I thought long and hard about this and my magic wand would take the violence out of all schools. I want schools to be a safe environment for all students. Violence of any sort, whether it’s physical or physiological, would disappear with my magic wand. With this “bibbity, bobbity boo” no more shootings, no more bullying, no more fights.  Educators, parents and communities would never fear the unimaginable. Schools would be a safe haven for all.

Angela Stockman ()

I would create learning communities where teachers spent more time watching kids than directing or teaching them. Here, they would engage students in investigation, play, and experimentation in order to document, study, reflect, and learn from them. This changed me as a teacher and a human being. It made me realize how arrogant I was in my expertise at times. It made me notice how often we fail to truly respect children.

Starr Sackstein ()

The first thing I get rid of is grades and anything associated with assessments that seeks to judge students too simplistically. The current grading system in most schools rewards compliance and punishes anything that doesn’t comply. Grades, unfortunately are controlling too many kids and teachers. If we got rid of grades, it clears the space for us to really focus on learning and then a deeper metacognitive understanding of what we know and can do and where we need to continue to work. Learning is too nuanced to be able to grade it with a letter or number.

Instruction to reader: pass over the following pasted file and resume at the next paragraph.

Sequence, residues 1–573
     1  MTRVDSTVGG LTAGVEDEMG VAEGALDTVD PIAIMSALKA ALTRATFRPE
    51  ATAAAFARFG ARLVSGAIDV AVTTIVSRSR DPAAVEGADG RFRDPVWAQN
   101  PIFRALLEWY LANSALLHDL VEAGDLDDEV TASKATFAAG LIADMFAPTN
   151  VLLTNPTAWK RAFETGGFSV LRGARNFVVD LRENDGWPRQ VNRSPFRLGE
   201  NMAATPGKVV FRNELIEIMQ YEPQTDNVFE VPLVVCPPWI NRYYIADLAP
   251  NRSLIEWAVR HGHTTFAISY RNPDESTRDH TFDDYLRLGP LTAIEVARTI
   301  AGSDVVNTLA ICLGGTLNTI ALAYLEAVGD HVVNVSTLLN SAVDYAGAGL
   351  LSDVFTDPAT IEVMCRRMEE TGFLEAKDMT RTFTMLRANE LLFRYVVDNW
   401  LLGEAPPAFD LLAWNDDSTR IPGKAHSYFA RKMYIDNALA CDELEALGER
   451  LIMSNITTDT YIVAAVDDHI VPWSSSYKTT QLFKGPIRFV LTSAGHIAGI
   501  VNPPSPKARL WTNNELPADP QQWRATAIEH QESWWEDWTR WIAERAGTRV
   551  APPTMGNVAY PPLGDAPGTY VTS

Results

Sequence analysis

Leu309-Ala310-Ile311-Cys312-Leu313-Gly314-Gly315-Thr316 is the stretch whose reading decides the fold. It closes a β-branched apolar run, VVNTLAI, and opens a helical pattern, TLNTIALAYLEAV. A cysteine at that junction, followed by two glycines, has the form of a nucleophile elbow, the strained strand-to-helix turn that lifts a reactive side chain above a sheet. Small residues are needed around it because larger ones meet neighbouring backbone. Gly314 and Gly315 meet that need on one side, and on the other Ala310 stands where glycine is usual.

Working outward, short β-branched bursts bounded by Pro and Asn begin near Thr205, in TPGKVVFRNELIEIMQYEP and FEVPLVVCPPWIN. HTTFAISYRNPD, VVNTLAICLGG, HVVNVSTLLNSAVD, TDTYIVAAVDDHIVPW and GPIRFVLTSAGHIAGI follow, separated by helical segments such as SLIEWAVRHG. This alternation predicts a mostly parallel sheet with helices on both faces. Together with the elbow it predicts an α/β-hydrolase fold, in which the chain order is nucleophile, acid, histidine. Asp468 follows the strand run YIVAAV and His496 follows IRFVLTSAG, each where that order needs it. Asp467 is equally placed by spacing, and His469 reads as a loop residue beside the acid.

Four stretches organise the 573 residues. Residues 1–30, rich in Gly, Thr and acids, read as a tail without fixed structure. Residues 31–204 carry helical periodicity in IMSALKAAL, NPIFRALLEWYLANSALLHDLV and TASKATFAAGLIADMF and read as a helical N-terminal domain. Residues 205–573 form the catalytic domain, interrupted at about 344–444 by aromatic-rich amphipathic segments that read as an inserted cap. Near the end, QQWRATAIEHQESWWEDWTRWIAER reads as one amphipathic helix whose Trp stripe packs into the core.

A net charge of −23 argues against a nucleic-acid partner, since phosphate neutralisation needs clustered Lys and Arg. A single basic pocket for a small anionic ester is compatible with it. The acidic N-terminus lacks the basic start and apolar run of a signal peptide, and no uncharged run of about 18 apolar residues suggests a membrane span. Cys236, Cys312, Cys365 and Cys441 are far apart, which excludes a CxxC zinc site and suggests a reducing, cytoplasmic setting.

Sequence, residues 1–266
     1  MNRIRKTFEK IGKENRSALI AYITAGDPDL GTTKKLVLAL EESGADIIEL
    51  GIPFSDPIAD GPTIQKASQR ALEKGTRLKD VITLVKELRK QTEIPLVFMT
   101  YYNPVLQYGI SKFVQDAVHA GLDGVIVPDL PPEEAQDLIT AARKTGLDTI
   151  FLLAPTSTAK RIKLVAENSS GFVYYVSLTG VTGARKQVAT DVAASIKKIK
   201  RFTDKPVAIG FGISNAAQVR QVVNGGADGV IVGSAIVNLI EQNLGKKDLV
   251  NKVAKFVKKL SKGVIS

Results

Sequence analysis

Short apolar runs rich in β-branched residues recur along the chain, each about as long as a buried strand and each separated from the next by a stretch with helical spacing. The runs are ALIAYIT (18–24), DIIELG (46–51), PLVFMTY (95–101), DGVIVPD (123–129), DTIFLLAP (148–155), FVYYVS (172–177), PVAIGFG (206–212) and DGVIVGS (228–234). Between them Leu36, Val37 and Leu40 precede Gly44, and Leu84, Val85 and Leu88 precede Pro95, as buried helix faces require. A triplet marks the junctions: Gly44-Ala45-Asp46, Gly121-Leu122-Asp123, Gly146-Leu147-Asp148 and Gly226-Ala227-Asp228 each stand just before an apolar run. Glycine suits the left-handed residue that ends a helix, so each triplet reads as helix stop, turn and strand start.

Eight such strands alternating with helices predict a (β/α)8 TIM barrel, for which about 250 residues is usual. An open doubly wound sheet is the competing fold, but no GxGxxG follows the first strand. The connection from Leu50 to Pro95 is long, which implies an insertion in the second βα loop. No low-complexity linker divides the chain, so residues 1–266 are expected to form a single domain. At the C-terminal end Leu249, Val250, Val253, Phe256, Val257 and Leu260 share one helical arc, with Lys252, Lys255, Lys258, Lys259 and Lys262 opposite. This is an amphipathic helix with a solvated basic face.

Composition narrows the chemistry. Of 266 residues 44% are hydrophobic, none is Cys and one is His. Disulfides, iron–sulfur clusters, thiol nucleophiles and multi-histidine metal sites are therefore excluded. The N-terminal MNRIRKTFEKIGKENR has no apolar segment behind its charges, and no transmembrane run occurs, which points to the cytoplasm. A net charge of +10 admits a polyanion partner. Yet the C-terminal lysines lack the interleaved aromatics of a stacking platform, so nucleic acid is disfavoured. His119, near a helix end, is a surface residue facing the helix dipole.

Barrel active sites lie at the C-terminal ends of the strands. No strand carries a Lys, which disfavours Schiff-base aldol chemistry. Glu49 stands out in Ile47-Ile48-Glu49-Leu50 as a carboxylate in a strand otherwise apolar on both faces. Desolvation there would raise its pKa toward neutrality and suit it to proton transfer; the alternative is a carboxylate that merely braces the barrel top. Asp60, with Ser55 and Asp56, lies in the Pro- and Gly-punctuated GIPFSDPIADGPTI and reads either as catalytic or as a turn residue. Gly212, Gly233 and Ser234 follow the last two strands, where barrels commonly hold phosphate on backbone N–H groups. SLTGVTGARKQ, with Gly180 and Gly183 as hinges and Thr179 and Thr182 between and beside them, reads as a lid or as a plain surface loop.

Amaris Scalia ()

If I could change anything about Education right now it would be to make it fun again.  With the pressures of state mandates, test scores, and stressful assessments, the fun has been lost for many teachers and as a result, for students. If teachers are not having fun teaching, students are not having fun learning. If teachers are having fun teaching, they are developing meaningful, relevant lessons and connecting with their students. They are enthusiastic about the teaching so the learning becomes exciting. If students have fun learning, they are not bored in school, they develop better relationships with others (peers and adults), and their curiosity increases.  Curious minds have a desire to continue learning and when learning is fun, those curious minds will remember what they have been taught and seek to deepen their knowledge.

Evan Robb

Author, principal & speaker, Evan Robb is Principal of Johnson Williams Middle School in Clarke County, VA.  Evan is a committed educator, progressive thinker, author, speaker, and fitness enthusiast. He is particularly interested in 21st-century learning, active student engagement, and using social media to reach parents and his community.  Please explore The Robb Review Blog and Scholastic EDU for more of his thoughts on teaching, learning, and leadership.  The Robb Review Blog is focused on looking ahead, not looking back. Evan also has a podcast, The Robb Review Podcast. Evan is also the author of The Principal’s Leadership Sourcebook (Scholastic, 2007).  Follow Evan on Twitter here: @ERobbPrincipal and on Facebook.